•  Shame.   Just like my neighbor. More so, if I may thus flatter myself, since I am a naturalized citizen. I chose this country. And because we can't stir ourselves to care about this, above the level of posturing and lip service and cooking up convoluted lies to tell ourselves, a bunch of crummy foreigners are laughing at us. The hell with them, except … we kind of deserve it, don't we?

The lying is the worst. Boy, how we lie to ourselves. What was that thing Orwell said in the Blitz, about how he didn't mind people flying over and dropping bombs on him half as much as he minded the lies they used to justify themselves?

Here's Theodore Dalrymple, in a recent interview:

Political correctness is communist propaganda writ small. In my study of communist societies, I came to the conclusion that the purpose of communist propaganda was not to persuade or convince, nor to inform, but to humiliate; and therefore, the less it corresponded to reality the better. When people are forced to remain silent when they are being told the most obvious lies, or even worse when they are forced to repeat the lies themselves, they lose once and for all their sense of probity. To assent to obvious lies is to co-operate with evil, and in some small way to become evil oneself. One's standing to resist anything is thus eroded, and even destroyed. A society of emasculated liars is easy to control. I think if you examine political correctness, it has the same effect and is intended to.

Tell it, Preacher! That's us, that's the United States of America in this year of Our Lord 2005: a society of emasculated liars.

A few weeks ago my wife, but not I, attended a school district function here in Suffolk County, Long Island. It was some sort of awards ceremony for kids from all around our district.

Now, my wife, so far as she has any interest in politics at all, which is not very far, I'd have to classify as a Clinton Democrat. She is quite keen to be on board with the PC stuff. As a member of a racial minority herself, she has a vague idea it's "for" her.

Having been raised in China, though, she has never properly internalized PC in a sophisticated way, never really acquired the necessary reflex habit of not noticing those things we are not supposed to notice, never really mastered double-think. With the best will in the world, poor Rosie is just hopelessly off-message with PC — a thing that causes me much secret delight.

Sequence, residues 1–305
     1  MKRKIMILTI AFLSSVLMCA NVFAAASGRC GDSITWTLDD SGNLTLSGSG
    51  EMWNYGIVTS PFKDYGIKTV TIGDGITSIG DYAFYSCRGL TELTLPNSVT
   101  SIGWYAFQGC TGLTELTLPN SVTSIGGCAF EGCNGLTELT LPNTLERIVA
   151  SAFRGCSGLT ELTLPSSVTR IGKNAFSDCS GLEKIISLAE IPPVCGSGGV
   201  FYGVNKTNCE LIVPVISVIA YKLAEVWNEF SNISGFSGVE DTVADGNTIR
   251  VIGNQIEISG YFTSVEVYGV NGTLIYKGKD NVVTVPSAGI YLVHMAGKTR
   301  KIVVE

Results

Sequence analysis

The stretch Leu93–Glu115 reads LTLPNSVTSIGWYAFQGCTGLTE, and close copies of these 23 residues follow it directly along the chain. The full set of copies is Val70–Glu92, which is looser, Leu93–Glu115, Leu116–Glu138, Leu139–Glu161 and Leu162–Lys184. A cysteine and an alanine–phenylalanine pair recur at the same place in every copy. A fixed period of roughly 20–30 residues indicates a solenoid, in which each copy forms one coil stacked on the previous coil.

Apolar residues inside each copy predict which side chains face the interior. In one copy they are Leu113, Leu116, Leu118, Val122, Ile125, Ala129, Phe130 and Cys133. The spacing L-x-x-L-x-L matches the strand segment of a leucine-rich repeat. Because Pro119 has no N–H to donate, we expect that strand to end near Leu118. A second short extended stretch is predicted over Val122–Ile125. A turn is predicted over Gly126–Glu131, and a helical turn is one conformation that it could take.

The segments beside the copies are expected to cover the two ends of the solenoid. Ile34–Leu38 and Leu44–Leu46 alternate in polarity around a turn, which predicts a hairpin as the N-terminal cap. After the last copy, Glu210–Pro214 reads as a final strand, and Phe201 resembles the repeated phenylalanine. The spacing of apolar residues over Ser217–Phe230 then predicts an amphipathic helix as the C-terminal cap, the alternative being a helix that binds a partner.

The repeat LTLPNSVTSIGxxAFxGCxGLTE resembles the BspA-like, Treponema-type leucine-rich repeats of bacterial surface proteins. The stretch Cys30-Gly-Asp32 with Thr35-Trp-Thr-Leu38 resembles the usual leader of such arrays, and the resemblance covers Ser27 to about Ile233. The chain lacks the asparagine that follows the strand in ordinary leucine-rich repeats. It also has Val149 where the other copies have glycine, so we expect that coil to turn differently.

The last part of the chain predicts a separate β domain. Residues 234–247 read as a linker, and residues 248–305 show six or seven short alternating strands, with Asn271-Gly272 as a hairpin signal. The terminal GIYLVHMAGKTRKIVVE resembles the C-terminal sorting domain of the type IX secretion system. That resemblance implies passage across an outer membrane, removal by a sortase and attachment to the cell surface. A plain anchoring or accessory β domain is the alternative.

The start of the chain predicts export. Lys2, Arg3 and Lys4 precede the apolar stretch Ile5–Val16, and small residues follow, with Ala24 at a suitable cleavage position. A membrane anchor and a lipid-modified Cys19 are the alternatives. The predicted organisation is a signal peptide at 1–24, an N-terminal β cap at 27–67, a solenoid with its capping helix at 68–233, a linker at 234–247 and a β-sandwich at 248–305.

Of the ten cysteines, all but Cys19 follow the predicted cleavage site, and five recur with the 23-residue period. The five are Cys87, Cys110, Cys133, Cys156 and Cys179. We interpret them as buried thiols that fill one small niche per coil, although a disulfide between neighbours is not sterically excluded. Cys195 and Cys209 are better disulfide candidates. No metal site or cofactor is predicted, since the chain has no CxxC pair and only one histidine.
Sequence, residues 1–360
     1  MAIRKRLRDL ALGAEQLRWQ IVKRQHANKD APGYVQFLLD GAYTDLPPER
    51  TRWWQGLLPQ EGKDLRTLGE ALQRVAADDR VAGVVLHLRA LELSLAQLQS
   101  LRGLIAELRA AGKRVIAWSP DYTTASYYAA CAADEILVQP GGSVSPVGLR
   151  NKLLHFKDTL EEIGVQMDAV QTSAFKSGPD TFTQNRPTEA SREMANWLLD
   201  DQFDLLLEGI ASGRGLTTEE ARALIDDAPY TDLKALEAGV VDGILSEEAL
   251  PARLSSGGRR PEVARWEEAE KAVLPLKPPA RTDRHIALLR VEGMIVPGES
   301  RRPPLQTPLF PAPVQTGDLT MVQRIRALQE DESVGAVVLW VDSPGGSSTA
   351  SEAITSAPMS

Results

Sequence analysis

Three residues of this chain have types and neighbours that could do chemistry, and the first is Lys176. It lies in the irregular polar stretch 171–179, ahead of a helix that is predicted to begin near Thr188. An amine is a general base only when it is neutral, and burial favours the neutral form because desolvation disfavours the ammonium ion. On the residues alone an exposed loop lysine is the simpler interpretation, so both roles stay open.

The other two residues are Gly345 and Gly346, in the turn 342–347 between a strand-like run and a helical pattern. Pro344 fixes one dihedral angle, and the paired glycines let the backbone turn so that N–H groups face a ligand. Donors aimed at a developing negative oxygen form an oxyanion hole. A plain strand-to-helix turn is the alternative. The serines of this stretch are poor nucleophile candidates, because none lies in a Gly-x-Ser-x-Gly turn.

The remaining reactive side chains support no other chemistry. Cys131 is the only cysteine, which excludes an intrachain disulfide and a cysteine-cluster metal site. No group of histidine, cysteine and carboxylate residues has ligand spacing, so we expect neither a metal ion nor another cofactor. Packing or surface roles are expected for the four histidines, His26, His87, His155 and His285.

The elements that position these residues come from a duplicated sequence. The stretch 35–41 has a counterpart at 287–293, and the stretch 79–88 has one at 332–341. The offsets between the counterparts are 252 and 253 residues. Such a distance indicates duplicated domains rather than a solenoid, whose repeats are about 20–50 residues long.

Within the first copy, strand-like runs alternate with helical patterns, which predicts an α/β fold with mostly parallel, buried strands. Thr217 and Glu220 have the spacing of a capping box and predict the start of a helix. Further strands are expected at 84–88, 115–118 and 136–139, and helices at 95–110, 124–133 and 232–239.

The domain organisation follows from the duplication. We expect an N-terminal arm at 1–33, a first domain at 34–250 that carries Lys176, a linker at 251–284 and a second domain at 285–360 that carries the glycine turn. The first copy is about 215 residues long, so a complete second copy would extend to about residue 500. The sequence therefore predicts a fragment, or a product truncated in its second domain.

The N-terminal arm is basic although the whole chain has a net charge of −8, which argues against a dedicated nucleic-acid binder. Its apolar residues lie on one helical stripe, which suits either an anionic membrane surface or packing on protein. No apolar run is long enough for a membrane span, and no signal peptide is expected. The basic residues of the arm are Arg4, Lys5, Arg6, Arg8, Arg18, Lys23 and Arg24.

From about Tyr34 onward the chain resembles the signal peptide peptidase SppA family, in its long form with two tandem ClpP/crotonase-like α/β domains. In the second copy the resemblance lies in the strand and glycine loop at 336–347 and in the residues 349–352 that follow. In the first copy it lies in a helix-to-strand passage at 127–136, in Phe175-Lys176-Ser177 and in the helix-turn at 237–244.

Well, she started telling me about this function, and she couldn't keep herself from laughing. First (she said) they did the academic awards. The kids were called up one by one, and three quarters of them were Chinese or Korean or had Russian names. (Which last means, in this context, they were Ashkenazi-Jewish.) Then they worked through lesser awards — drama club, stuff like that. Finally they got to all these caucus-race dummy awards for things like "putting forth effort" and "attendance." For those, the black and Hispanic kids came up.

Rosie: "I felt so uncomfortable. Just squirming in my seat. It was so obvious."

[I recall attending some similar function myself a year or so ago. After a whole string of four or five Asian kids one after the other, getting awards for academic excellence of various kinds, the emcee announced an award for a name something like Sean Macdonald. Thank goodness, I thought to myself, a white Gentile at last. Then little Sean emerged from the seating area: a one hundred percent grade-A pure-blood Chinese! Plainly he was one of the many children adopted from East Asia by American families.]

"Didn't other people notice this?" I asked. My wife said she thought some people had. People near her looked just as uncomfortable as she felt, and there was some smothered laughter.

We'd laughed ourselves at this vignette of life in modern America, husband and wife laughing together at one of our world's little absurdities.

Last week, watching those scenes from New Orleans, an American city, I recalled that incident, and our laughter. Somehow it didn't seem funny any more, though. Not funny at all.